Skip to comments.Global warming turning sea into acid bath (Warning: Hyperbolic overload!)
Posted on 06/08/2008 5:22:50 PM PDT by markomalley
Increasing carbon dioxide emissions could leave species such as coral and sea urchins struggling to survive by the end of the century because they are making the oceans more acidic, research led by British scientists suggests.
The study of how acidification affects marine ecosystems has revealed a striking impact on animal and plant life. The findings, from a team led by Jason Hall-Spencer, of the University of Plymouth, indicate that rising carbon emissions will alter the biodiversity of the seas profoundly, even before the effects of global warming are taken into account.
Greater concentrations of carbon dioxide in the atmosphere mean that more of the gas becomes dissolved in seawater, increasing its acidity. This will have good consequences for some species, but be catastrophic for others.
Dr Hall-Spencer's team investigated the likely effects of acidification by studying natural underwater vents off the coast of Italy, where carbon dioxide bubbles up through the sea floor. This makes the water around the vents significantly more acidic than it is in surrounding areas.
The study, published in the journal Nature, shows that certain species are very badly affected by rising acidity. Corals of the Caryophyllia, Cladocora and Balanophyllia varieties, for example, were common in on the sea bed in the region, but absent close to the vents. Sea urchins and sea snails were also affected badly by the high acidity.
Other species, including sea-grass and a type of algae known as Sargassum, thrived as the extra carbon dioxide has a fertilising effect. This extra growth, however, can be damaging to other sea life - Sargassum is an alien invasive species, carried to the region in the ballast of shipping.
The research team is the first to use natural underwater carbon dioxide vents to assess how acidity caused by the gas influences sea life. Our field studies provide a window on the future of the oceans in a high CO2 world, Dr Hall-Spencer said.
We show the dramatic ecological consequences of ocean acidification including the removal of corals, snails and sea urchins and the proliferation of invasive alien algae.
Our observations verify concerns, based on laboratory experiments and model predictions, that marine food webs will be severely disrupted and major ecological tipping-points are likely if human CO2 emissions continue unabated.
This appraisal of life in a more acidic ocean was if anything conservative, Dr Hall-Spencer said, because it mimicked future ecosystems only partially.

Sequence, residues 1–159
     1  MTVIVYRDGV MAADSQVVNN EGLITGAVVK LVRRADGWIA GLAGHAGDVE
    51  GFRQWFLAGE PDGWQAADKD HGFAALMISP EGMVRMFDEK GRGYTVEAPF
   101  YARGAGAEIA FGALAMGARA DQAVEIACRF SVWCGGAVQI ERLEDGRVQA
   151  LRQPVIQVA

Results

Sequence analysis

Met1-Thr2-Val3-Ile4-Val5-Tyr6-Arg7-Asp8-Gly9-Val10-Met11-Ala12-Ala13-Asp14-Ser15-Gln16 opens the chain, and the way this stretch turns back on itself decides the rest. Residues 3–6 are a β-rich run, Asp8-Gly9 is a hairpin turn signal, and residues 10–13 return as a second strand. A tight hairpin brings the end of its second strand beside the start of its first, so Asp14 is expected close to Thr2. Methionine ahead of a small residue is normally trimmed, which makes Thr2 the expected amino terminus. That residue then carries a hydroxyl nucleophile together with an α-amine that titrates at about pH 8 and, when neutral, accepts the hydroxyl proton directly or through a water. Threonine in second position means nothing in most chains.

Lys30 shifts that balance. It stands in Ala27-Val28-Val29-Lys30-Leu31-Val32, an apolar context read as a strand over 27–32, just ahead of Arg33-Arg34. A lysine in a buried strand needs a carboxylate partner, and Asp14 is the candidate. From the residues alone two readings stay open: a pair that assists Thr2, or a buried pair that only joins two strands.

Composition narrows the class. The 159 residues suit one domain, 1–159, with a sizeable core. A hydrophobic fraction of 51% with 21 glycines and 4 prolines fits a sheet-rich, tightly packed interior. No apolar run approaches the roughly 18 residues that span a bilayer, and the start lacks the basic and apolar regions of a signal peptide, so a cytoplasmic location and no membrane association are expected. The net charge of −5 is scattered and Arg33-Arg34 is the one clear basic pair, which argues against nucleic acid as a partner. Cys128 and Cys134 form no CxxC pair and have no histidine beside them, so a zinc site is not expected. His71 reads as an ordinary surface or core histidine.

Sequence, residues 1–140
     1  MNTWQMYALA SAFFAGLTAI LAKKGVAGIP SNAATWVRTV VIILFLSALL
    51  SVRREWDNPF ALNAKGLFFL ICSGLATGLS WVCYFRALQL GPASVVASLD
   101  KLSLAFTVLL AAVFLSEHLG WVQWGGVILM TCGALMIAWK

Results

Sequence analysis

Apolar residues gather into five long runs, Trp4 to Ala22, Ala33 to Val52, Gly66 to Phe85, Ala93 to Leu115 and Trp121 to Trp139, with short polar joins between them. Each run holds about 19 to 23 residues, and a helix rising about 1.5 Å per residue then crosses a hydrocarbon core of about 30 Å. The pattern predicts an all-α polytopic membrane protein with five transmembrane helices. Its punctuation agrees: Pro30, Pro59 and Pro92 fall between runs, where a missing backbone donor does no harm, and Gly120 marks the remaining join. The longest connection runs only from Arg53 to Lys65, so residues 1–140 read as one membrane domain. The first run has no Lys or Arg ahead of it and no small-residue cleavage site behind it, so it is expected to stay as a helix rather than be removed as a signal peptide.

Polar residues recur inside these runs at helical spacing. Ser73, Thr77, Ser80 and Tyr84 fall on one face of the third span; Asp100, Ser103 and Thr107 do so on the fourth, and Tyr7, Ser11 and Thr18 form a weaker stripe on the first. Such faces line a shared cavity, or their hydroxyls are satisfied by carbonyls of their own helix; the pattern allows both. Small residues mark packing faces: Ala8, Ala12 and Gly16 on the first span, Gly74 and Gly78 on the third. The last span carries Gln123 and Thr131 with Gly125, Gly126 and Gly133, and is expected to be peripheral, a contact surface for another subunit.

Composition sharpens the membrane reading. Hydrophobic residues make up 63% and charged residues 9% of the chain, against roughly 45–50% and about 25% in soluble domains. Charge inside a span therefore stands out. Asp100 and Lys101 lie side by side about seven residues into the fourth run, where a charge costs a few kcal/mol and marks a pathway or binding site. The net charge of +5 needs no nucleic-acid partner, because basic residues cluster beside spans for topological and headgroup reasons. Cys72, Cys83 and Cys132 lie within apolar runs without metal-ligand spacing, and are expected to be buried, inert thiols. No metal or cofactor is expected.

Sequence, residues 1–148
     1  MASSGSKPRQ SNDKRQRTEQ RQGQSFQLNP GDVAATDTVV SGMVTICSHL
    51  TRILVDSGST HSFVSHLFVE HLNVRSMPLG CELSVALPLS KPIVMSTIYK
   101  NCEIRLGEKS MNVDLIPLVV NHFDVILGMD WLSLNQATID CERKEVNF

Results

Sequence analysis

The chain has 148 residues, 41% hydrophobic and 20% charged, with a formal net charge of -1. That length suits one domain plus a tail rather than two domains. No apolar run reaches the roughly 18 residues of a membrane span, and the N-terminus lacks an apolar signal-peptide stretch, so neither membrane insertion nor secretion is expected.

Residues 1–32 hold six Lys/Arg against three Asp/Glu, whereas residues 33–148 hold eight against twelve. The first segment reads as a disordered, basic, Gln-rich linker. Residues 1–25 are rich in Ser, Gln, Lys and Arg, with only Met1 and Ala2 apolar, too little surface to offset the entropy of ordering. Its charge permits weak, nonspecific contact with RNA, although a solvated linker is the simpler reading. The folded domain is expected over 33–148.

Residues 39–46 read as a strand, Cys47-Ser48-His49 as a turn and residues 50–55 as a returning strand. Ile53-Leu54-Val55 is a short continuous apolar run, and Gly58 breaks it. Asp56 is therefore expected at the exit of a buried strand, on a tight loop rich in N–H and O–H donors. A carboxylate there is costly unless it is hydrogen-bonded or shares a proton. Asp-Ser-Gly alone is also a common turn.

The acidity around carbon dioxide vents can be reduced by rough conditions, which dilute the water - something that would not happen if the whole ocean was highly acidic.
The researchers also noted that while fish continued to swim through more acidic waters, they avoided breeding or spawning in them. That isn't a problem at the moment, as they can go elsewhere, Dr Hall-Spencer said. But in a more acidic ocean there will be no escape.
Global warming will also have an independent impact on sea life, by raising ocean temperatures.
God help us all!
I can feel my wallet getting $45T lighter even as I type!
There may be some truth to this. I went to the beach this weekend, and when I returned my skin was red and sensitive to the touch.
My god, the “biodiversity” of the oceans is in jeopardy. The “biodiversity.” I mean, our small, dull, purposeless lives are NOTHING in comparison to the “biodiversity” of the oceans. Nothing.
These kinds of revelations are important when you are terrified of having to look for a REAL job and you rely on government funding to stay employed. Tell ‘em what they want to hear and the money will continue rolling in.
The good news is that higher ocean temperatures cause degassification which means that the oceans will release carbon dioxide to the atmosphere, lowering seawater acidity.
These stories all have the caveat “could leave”. The word “could” is used quite extensively in these stories.
I think they’ve been “doing acid”
It's too late, it's already happening!!!!!!!
It must be true! I was at the beach today and I saw a skeleton of a fish! It had to be acid, what else could it be?
A Junior High student won a award and the drawing was published in all the major local papers where the claim was made that sea levels will rise two-hundred feet, with the addition of that much fresh water the acidity ought to drop.
Can’t we just dump giant Tums tablets into the ocean?
Couldn’t be. It must have been acid rain, or smog, or excessive bites by sand mites, or possibly some rare disease not discovered yet by WHO or UN.
We are all doomed.
That must mean the erf PRODUCES CO2! We're doomed.
“The good news is that higher ocean temperatures cause degassification which means that the oceans will release carbon dioxide to the atmosphere, lowering seawater acidity.”
This is why the carbon dioxide level in the atmosphere is rising, after the earth warms up. Hi C02 levels is an effect not a cause.
So I was hungry and through my garbage on the beach. Big deal.
I am the product of the public education system and I meant to say threw instead of through.
It seems there is no way to stop these out of control CO2 emissions. It does appear that we are indeed doomed.
Good catch, Libloather.